In conjunction with SFMOMA’s current architecture and design exhibition, Far Out: Suits, Habs, and Labs for Outer Space (a mixture of actual space-related paraphernalia and artistically imagined possibilities), the museum hosts a free public conversation between astronaut Dr. Yvonne Darlene Cagle and Far Out artist Tavares Strachan.
Regular readers may recognize Cagle’s name from her star turn (pun intended) in Nicole Miller’s video installation To the Stars, currently playing to visiting school groups in the museum’s Phyllis Wattis Theater—in which she speaks poetically, beautifully about the changes a body undergoes in zero gravity. Strachan’s work, much of it engaged with the possibilities of going to space himself, will also be included in the much-anticipated contemporary exhibition SOFT POWER opening Oct. 26.
Eva Díaz moderates this discussion about space travel, extreme environments and making invisible things visible. And while neither speaker has actually been to space, both have prepared to go there. Strachan trained at the Yuri Gagarian Cosmonaut Training Center in Star City, Russia as part of the long term art project Orthostatic Tolerance; he also founded the Bahamas Air and Space Exploration Center, “Nassau’s answer to NASA.”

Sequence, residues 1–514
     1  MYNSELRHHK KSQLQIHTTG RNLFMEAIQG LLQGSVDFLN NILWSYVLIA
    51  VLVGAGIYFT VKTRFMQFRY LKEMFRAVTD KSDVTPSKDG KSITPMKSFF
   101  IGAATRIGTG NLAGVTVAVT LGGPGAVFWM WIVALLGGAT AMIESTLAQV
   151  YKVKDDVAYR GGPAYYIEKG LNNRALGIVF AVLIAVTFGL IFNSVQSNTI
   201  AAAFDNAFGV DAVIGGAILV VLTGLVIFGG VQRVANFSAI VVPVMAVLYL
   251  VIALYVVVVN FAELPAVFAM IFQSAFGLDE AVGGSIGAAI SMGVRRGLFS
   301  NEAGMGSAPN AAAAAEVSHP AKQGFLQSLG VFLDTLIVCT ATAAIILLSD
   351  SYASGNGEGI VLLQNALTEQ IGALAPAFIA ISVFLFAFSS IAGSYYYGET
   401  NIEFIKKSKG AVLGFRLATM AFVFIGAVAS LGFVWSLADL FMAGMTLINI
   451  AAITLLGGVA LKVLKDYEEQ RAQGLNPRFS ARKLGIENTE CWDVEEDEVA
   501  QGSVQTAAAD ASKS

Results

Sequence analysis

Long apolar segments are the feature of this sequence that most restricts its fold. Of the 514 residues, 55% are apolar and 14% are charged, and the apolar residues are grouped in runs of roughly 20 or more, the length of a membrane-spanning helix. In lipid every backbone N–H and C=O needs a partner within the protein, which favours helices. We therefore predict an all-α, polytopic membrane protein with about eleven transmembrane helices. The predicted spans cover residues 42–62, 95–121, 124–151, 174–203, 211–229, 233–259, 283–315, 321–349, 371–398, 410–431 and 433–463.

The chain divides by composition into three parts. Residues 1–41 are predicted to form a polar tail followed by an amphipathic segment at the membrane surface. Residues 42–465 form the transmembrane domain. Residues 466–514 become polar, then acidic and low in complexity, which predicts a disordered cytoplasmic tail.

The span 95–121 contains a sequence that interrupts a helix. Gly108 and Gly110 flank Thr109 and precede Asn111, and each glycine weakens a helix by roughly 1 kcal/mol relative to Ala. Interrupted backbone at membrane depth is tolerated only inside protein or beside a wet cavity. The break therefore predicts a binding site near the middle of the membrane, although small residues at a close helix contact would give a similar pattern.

Fifty years after the first moon landing, space flight is now a reality—if only for the astronomically wealthy. But we’re all in training for an otherworldly future: “extreme environments” describes not just the vacuum of space, but increasingly, life on Earth. In light of recent and ongoing climate actions, and the desperate pleas of our youngest generations to join forces and effect real change, looking to the unifying lessons of sustaining life among the stars may actually address some of our most pressing earthbound problems. —Sarah Hotchkiss